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What causes musty air in your home?

The causes of musty air at home and a five-step solution to reduce it
Updated on January 10, 2024
Written by
Jeanne Yacoubou
Jeanne is our newest air quality aficionado/writer. Still shocked by the arrival of Summer 2021 wildfire smoke from California to her Maryland (East Coast) home, she’s forever indebted to her HEPA filter-equipped air purifier.

Have you ever hiked into a forest on a rainy day, boots sinking deep into squishy leaf litter and dark, rich soil, noticing the peculiar woodsy and earthy smells? These are musty smells.

Musty scents are normal in a forest. Musty odors in your basement, however, are most certainly not normal.

In fact, indoor musty air signals the ongoing destruction of your home’s physical structure by mold and mildew. It is also harmful to your health because those pungent, earthy odors in your home are hallmark signs of fungus growth.

Mold and mildew thrive in warm, wet, and dark places like basements and crawl spaces that have been damaged by water leaks or flooding. Metabolic products of mold and mildew, called microbial volatile organic compounds (MVOCs), create musty air. High concentrations of some MVOCs are harmful to your health in enclosed spaces.

In this article, you find out everything you need to know about musty air in your home, including its causes and our 5-step solution to help you eliminate and prevent musty air in your home.

Musty air is distinctly pungent, similar to the smell of damp soil or a sponge that’s been wet for days. It’s unpleasant to breathe and may have a sharp tinge to it.

The United States Federal Emergency Management Agency (FEMA) suggests that musty air odors range from earthy to foul stench.

The causes of musty air at home

The chemicals giving off those musty smells in your home are generated from mold and mildew (types of fungus) that have taken up residence in your home — especially in warm, dark, and moist corners in basements, crawlspaces, attics, or bathrooms.

Specks, powders, or fuzzy mounds of mold and mildew in a kaleidoscope of colors are common on paper, old books, wood paneling, fabric, or insulation close to a water leak or where it’s very damp.

Mold and mildew flourish where you may least expect it to. Maybe on an apple core kicked under the sofa, dead skin cells mixed with dust mite cadavers nestled in your carpet, or an old pair of leather shoes in the attic close to the leak in your roof before you discovered it. In all these cases, the mold originally came from outside.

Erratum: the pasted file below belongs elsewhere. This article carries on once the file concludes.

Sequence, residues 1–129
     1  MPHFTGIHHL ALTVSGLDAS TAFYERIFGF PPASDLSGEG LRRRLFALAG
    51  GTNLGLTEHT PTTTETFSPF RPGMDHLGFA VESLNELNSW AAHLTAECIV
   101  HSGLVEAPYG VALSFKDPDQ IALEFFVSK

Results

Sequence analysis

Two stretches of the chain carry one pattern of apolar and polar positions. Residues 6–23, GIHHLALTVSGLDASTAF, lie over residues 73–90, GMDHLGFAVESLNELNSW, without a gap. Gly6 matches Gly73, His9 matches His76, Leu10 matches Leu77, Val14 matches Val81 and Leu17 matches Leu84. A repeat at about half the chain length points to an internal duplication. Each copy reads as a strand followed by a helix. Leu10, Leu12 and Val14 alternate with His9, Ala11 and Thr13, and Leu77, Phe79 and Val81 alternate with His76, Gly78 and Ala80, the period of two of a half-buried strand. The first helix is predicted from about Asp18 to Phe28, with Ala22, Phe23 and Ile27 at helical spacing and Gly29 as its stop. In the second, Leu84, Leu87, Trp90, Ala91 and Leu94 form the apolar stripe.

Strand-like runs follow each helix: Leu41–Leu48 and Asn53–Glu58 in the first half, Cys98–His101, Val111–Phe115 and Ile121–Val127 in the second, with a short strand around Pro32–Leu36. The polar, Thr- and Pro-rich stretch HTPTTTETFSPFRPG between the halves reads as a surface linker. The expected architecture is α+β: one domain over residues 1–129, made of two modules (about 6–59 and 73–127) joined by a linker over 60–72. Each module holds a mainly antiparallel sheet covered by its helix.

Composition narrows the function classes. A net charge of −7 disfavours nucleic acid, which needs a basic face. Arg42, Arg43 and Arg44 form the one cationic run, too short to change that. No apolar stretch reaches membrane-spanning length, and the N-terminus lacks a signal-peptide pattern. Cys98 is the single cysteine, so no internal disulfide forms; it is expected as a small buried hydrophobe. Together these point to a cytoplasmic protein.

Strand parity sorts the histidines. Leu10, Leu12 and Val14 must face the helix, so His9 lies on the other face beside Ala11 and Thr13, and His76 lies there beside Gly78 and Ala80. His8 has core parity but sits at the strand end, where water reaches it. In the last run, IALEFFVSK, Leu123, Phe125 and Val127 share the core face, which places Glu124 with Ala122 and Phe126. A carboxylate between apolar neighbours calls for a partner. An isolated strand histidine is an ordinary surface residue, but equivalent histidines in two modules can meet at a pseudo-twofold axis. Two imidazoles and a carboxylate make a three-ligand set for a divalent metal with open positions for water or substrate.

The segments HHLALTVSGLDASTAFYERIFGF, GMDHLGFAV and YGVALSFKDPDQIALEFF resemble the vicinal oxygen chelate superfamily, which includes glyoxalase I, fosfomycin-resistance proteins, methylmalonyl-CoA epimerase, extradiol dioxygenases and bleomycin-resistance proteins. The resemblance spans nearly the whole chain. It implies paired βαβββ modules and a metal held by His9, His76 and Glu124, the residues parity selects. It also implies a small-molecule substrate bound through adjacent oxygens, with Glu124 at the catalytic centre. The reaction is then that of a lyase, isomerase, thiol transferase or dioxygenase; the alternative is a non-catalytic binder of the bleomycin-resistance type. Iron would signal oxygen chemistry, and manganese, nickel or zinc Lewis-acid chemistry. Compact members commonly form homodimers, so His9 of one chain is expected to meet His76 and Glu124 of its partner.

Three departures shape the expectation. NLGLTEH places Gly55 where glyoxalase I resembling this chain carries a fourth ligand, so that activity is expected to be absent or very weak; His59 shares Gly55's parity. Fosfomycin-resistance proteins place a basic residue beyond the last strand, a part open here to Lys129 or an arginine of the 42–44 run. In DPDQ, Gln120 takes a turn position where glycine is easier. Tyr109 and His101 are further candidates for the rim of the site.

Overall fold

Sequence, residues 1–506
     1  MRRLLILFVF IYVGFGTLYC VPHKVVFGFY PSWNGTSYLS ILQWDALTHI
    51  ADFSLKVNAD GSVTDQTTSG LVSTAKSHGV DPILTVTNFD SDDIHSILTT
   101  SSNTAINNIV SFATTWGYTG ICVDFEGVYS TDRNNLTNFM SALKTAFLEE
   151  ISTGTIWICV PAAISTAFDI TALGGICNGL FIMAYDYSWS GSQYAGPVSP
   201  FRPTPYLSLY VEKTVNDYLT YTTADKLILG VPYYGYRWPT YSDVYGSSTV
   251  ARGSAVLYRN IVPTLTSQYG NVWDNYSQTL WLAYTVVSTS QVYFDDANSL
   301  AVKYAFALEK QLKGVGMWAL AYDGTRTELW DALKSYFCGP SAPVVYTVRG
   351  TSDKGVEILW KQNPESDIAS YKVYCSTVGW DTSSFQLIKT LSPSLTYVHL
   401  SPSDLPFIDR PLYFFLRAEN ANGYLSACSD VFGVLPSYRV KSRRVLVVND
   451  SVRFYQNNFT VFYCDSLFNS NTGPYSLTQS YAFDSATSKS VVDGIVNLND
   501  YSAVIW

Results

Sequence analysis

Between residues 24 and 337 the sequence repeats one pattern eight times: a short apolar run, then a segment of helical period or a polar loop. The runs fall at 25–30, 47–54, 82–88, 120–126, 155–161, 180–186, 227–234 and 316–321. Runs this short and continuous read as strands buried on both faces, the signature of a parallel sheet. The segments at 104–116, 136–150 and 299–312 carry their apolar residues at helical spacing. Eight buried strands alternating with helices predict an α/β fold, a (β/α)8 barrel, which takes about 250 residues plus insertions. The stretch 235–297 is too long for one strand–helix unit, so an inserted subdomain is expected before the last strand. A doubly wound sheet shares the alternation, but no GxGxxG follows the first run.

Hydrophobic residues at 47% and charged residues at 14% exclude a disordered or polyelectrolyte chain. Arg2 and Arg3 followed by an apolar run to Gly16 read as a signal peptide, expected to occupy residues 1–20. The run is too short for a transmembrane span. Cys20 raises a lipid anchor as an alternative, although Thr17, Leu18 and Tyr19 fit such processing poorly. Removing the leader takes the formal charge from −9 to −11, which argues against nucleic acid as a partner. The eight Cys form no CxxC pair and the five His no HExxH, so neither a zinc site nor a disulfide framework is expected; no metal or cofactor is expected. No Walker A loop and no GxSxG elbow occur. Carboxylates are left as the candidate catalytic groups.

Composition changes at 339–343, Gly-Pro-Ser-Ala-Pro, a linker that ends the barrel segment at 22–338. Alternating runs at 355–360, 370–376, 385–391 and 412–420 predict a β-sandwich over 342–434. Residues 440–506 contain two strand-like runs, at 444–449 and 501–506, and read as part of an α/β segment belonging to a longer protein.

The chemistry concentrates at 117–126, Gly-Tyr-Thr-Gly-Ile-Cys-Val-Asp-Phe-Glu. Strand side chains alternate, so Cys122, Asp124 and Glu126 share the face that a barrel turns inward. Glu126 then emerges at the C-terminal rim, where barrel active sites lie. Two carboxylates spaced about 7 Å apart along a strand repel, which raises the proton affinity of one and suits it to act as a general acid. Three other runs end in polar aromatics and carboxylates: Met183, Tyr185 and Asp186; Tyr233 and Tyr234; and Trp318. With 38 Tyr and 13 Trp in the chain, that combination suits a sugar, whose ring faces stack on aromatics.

Normally, in your home, this is not a problem as long as there’s occasional ventilation and regular cleaning. And no water leaks or intrusion. Then, you manage to keep airborne microscopic mold spores (seeds) at low levels in your home. You don’t even know they’re coming in when you open a window for fresh air unless you are extremely allergic to mold.

For most people, it’s only when you actually smell musty air, or visually see mold growing in your home, that you’re in trouble.

Musty air is full of microscopic mold spores and hyphae (branches). Wherever the smell is most pronounced, you don’t have far to look to find mold colonies (mycelia) flourishing — like in a damp, dark corner of your home.

Breathing musty air is not merely the harmless annoyance it was thought to be just 40 years ago. More recent evidence proves that breathing moldy air is harmful to your health. Individuals inhaling moldy air may suffer allergic symptoms, including coughing, sneezing, itchy eyes, or runny nose.

More seriously, some of the negative health effects of inhaling musty air in people susceptible to mold allergies include:

  • Asthma
  • Sinusitis
  • Bronchopulmonary aspergillosis
  • Hypersensitivity pneumonitis
  • Skin or mucous membrane infections

What contaminants are present in musty air?

Musty air contains contaminants from mold and mildew. Both are types of fungus. Mold and mildew can be any color, although white, black, and green are most common. Their texture ranges from powdery to fuzzy or slimy.